Theme Session 21

Neogene Depositional Environments, Paleoclimatology, and Stratigraphic Architecture of the Succession Forming the High Plains Aquifer

P. Allen Macfarlane, Kansas Geological Survey
Greg Ludvigson, Kansas Geological Survey
Marios Sophocleous, Kansas Geological Survey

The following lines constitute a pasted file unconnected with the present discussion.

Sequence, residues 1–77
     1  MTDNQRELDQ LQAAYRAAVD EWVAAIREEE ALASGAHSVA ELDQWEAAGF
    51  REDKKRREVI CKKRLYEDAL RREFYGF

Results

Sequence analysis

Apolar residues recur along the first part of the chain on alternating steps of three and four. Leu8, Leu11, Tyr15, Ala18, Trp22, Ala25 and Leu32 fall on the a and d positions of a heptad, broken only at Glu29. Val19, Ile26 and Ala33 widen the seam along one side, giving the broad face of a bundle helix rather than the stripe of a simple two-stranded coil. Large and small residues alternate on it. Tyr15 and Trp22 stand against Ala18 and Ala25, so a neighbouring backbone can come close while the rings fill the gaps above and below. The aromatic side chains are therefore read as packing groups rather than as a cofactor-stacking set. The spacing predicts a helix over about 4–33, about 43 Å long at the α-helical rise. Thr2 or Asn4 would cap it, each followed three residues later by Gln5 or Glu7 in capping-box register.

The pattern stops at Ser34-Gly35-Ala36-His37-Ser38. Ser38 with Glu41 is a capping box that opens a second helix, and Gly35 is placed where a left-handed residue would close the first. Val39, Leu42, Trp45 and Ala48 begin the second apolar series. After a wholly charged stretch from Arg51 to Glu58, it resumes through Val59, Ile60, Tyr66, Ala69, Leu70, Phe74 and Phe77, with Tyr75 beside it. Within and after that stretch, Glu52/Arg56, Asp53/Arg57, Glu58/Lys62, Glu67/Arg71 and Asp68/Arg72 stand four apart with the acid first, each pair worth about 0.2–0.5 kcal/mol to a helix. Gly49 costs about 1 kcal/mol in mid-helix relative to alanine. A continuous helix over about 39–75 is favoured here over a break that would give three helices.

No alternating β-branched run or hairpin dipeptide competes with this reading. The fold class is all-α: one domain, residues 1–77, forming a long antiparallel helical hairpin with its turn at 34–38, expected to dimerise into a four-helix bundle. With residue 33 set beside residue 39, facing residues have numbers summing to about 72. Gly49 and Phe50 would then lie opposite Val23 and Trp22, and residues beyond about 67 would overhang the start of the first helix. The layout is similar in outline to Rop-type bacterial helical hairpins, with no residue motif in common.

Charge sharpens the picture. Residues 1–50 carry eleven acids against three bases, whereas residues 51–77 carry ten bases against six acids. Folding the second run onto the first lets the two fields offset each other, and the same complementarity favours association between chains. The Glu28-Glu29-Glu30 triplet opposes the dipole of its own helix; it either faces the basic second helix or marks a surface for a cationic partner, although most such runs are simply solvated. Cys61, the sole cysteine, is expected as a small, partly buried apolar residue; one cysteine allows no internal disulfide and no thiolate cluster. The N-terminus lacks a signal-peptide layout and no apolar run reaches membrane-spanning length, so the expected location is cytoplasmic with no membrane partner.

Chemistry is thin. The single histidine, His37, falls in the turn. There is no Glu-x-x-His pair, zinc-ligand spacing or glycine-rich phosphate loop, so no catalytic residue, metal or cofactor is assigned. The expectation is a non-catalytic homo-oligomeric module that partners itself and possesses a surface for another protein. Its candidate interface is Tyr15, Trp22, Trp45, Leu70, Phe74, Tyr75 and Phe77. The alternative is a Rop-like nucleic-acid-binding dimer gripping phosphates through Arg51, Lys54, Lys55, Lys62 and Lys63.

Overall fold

The High Plains aquifer is one of the most heavily used sources of water in North America, yet surprisingly little is known of its depositional environments and the effects of sedimentary architecture across all scales. The distribution of permeable and low-permeability beds greatly impacts recharge, ground-water availability, flow, and water quality characteristics. Significant saturated thickness declines have sparked interest in developing a better geologic model of the High Plains aquifer and specifically how this improved model might be used to inform ground-water management of the remaining water resources. The goal of this session is to share research results from a broad spectrum of projects related to the sedimentary geology, chronology, paleontology, and paleoclimate record of the Neogene High Plains succession--foundations for improved understanding of the hydrostratigraphic architecture of the High Plains aquifer.